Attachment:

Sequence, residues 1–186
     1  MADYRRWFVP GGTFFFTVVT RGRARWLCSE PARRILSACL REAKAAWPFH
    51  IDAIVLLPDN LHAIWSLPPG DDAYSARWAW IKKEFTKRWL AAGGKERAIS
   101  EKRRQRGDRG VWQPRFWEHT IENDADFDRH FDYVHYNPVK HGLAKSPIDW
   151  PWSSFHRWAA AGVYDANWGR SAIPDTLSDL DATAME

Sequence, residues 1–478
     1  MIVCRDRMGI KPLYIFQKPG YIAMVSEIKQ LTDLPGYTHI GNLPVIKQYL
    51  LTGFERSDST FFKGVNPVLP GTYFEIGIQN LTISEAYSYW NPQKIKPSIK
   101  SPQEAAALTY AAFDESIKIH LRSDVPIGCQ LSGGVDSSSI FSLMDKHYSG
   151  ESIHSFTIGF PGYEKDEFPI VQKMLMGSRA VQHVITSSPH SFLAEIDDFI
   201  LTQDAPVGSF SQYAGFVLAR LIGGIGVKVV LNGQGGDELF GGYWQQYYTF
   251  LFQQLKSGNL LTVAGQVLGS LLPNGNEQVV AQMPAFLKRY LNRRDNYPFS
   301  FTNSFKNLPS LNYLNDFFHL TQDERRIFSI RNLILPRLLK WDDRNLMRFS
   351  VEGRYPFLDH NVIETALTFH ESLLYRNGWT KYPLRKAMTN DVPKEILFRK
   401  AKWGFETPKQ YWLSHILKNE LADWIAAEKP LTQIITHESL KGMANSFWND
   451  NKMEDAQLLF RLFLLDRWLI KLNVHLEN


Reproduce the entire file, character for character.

Sequence, residues 1–186
     1  MADYRRWFVP GGTFFFTVVT RGRARWLCSE PARRILSACL REAKAAWPFH
    51  IDAIVLLPDN LHAIWSLPPG DDAYSARWAW IKKEFTKRWL AAGGKERAIS
   101  EKRRQRGDRG VWQPRFWEHT IENDADFDRH FDYVHYNPVK HGLAKSPIDW
   151  PWSSFHRWAA AGVYDANWGR SAIPDTLSDL DATAME

Sequence, residues 1–478
     1  MIVCRDRMGI KPLYIFQKPG YIAMVSEIKQ LTDLPGYTHI GNLPVIKQYL
    51  LTGFERSDST FFKGVNPVLP GTYFEIGIQN LTISEAYSYW NPQKIKPSIK
   101  SPQEAAALTY AAFDESIKIH LRSDVPIGCQ LSGGVDSSSI FSLMDKHYSG
   151  ESIHSFTIGF PGYEKDEFPI VQKMLMGSRA VQHVITSSPH SFLAEIDDFI
   201  LTQDAPVGSF SQYAGFVLAR LIGGIGVKVV LNGQGGDELF GGYWQQYYTF
   251  LFQQLKSGNL LTVAGQVLGS LLPNGNEQVV AQMPAFLKRY LNRRDNYPFS
   301  FTNSFKNLPS LNYLNDFFHL TQDERRIFSI RNLILPRLLK WDDRNLMRFS
   351  VEGRYPFLDH NVIETALTFH ESLLYRNGWT KYPLRKAMTN DVPKEILFRK
   401  AKWGFETPKQ YWLSHILKNE LADWIAAEKP LTQIITHESL KGMANSFWND
   451  NKMEDAQLLF RLFLLDRWLI KLNVHLEN